At a glance.
- US Department of Justice seizes domains Nobelium used in USAID impersonation phishing campaign.
- International law, deterrence, and the range of response to cyberattacks.
US Justice Department seized domains employed in USAID phishing incident.
Reuters recaps a US Department of Justice announcement of the agency’s court-ordered seizure last Friday of two domains used for malware distribution and command-and-control communications in the USAID spearphishing operation. The move aimed to locate victims and interrupt the attack. Justice warned, however, that alternative backdoors may have been installed prior to the seizure.
National Security Division Assistant Attorney General John Demers commented, “Last week’s action is a continued demonstration of the Department’s commitment to proactively disrupt hacking activity prior to the conclusion of a criminal investigation.”
Responding to nation-state cyberattacks.
Microsoft argues the USAID attack represented “espionage as usual” and requires minimal response from the Government, while the Holiday Bear breach, which indiscriminately co-opted a trusted update protocol and thus “corrupt[ed] a core process essential to the security of the digital ecosystem,” did not. The firm recommends defending through good hygiene and use of secure cloud technology, and deterring through sanction-backed attribution and norms.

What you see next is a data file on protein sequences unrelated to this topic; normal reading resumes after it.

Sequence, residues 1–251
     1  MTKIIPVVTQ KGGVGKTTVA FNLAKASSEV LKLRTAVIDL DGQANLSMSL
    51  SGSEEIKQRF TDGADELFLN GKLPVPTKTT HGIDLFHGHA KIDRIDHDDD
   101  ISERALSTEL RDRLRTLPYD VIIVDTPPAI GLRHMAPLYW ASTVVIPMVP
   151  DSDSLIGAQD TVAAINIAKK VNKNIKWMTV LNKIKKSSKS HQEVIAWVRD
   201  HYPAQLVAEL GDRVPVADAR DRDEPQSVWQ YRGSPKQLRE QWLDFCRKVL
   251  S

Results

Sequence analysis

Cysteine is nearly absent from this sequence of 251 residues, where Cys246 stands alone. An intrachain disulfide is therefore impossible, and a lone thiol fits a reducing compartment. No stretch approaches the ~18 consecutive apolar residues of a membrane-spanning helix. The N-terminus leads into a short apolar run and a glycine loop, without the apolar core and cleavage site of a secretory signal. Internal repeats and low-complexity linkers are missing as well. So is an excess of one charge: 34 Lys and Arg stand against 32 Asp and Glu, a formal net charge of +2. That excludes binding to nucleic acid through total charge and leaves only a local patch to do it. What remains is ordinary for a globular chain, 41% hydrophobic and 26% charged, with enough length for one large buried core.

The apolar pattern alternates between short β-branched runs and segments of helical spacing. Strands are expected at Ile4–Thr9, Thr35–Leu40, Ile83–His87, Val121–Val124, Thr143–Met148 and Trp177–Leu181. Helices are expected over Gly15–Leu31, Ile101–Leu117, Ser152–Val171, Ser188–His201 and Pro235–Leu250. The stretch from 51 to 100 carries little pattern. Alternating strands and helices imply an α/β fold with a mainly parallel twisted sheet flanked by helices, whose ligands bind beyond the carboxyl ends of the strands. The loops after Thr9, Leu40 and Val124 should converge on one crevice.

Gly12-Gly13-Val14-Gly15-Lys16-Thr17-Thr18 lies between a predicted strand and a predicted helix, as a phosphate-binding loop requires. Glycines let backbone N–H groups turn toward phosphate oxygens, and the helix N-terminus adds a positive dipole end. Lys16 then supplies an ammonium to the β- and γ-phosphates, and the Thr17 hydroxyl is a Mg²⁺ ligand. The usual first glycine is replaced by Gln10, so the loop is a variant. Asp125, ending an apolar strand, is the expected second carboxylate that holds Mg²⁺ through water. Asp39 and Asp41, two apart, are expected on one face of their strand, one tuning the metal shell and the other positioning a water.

To this end, the US Mission to the United Nations has a transcript of State Department cyber coordinator Michele Markoff’s remarks on the UN Group of Government Experts’ cyber norms report, also summarized in a State Department Twitter thread. The report produced guidance for victim states, affirmations of confidence and capacity building efforts, and long-anticipated explanations of “the eleven norms to which all UN member states have committed.” Markoff concluded, “[W]e are calling on all states to put this framework [for responsible behavior in cyberspace] into practice.”
Security Boulevard weighs the best methods for enforcing norms, from diplomatic expulsions and economic sanctions to warrants and extradition laws, ransom payment prohibitions, and proportional cyber or kinetic responses. Former NSA Director Keith Alexander supports a public-private threat-detection and information-sharing initiative with the ability to pre-empt attacks, according to Newsmax.
Alexander suggested the USAID campaign was a collection effort in preparation for the Kremlin summit, claiming the incident might be connected to the SolarWinds and Colonial Pipeline operations. Moscow is engaged in a crusade to destabilize and undermine Washington’s “influence and power,” former Homeland Security Adviser Tom Bossert observed.
In an interview with New Hampshire Public Radio, former NSA General Counsel Glenn Gerstell remarked on the “audacity and timing” of the USAID attack in the wake of the Biden Administration’s Russia sanctions and on the eve of a summit meant to repair relations. He predicted President Biden will condemn Russian cyberattacks at the meeting, and President Putin will deny them.
While it’s clear “our current scheme of deterrents simply isn’t working,” Gerstell said, “our cyber insecurity…is a chronic disease for which we don't have a single cure.” Regulating cryptocurrency would dampen ransomware attacks, but not espionage or chaos-themed assaults. Better international and public-private coordination offer another path forward.